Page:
From the Rectory. Iffley Parish Magazine, December 2020.
I write to you during our second lockdown, uncertain what to plan for Christmas and unsure whether public worship will be able to take place. Please see the church website and notice boards for the most recent information and for all Christmas services & activities.
I’ve found that during both lockdowns my mind has sought solace and inspiration from others who have had to endure long periods of isolation. One of the things that makes enduring the lockdowns so difficult is that we’ve not freely chosen them; they’ve been imposed on us. Who else has a lockdown imposed on them? Prisoners and those held hostage.
One such group were the hostages that were taken in Beirut in the 1980s,Terry Waite, John McCarthy and Brian Keenan. Brian Keenan was teaching English at the American University in Beirut when he was kidnapped and spent the next four and a half years as a captive (11 April 1986-24 August 1990). In 1992 he wrote about his experiences in captivity in the book ‘An Evil Cradling’ (London: Hutchinson, 1992).
It is a harrowing account, but not entirely. There are surprising moments of indescribable joy. Recently I’ve been drawn back to one such moment described graphically in the book (p.68f):
“Another day. The Shuffling Acolyte and I take part in our daily ritual, that long walk to the toilet. That same walk back and I am home again. I don’t look any more at the food, knowing its monotony will not change, not even its place on my filthy floor…….With calm, disinterested deliberation I pull from my head the filthy towel that blinds me, and slowly turn to go like a dog well-trained to its corner, to sit again, and wait and wait, forever waiting. I look at this food which I know to be the same as it always has been.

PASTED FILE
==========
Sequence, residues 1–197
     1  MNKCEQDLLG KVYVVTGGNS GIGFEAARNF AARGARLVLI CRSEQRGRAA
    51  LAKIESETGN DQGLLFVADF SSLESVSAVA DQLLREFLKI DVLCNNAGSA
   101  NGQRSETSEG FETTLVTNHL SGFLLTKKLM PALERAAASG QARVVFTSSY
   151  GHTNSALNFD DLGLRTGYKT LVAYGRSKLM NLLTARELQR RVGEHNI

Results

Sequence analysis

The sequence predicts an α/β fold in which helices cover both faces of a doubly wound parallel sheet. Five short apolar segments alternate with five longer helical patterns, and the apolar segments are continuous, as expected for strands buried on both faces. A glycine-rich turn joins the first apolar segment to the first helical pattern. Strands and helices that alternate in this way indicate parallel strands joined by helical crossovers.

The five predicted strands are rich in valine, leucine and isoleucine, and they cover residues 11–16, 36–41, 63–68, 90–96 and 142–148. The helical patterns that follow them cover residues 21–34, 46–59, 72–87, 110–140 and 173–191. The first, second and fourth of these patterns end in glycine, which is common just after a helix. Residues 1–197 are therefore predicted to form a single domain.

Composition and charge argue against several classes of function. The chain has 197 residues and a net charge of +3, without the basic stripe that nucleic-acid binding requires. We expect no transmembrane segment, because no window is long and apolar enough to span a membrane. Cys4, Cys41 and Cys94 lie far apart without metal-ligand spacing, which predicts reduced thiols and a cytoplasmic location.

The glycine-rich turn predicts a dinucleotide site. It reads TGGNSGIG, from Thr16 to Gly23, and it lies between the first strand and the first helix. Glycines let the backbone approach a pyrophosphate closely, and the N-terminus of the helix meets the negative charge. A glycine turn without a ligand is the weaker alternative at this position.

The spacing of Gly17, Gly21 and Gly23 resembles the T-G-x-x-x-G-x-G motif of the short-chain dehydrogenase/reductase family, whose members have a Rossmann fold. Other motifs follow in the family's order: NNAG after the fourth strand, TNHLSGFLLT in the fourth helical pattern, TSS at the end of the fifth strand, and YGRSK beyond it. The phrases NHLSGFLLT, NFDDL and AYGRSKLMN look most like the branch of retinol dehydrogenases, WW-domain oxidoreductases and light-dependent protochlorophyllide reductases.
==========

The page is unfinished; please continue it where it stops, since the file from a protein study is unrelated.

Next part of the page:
But wait. My eyes are almost burned by what I see. There’s a bowl in front of me that wasn’t there before. A brown button bowl and in it some apricots, some small oranges, some nuts, cherries, a banana. The fruits, the colours, mesmerize me in a quiet rapture that spins through my head. I am entranced by colour. I lift an orange into the flat filthy palm of my hand and feel and smell and lick it. Before me is a feast of colour. I feel myself begin to dance, slowly, I am intoxicated by colour.
I cannot, I will not eat this fruit. I sit in quiet joy, so completely, beyond the meaning of joy. My soul finds its own completeness in that bowl of colour. The forms of each fruit. The shape and curl and bend all so rich, so perfect. I want to bow before it, loving that blazing, roaring orange colour. What I have waited and longed for has without my knowing come to me, and taken all of me.”
Reading this helps me appreciate the richness of life that I can still enjoy. And it invites me to savour all the more the surprises that cut across my path each day; such as when out for a walk I see someone that I know and can enjoy their company for a while.
If I can cultivate a little of this attitude in myself then perhaps I will still be able to celebrate Christmas whatever my circumstances. After all Christmas has at it’s heart an even greater surprise than a bowl of fruit!
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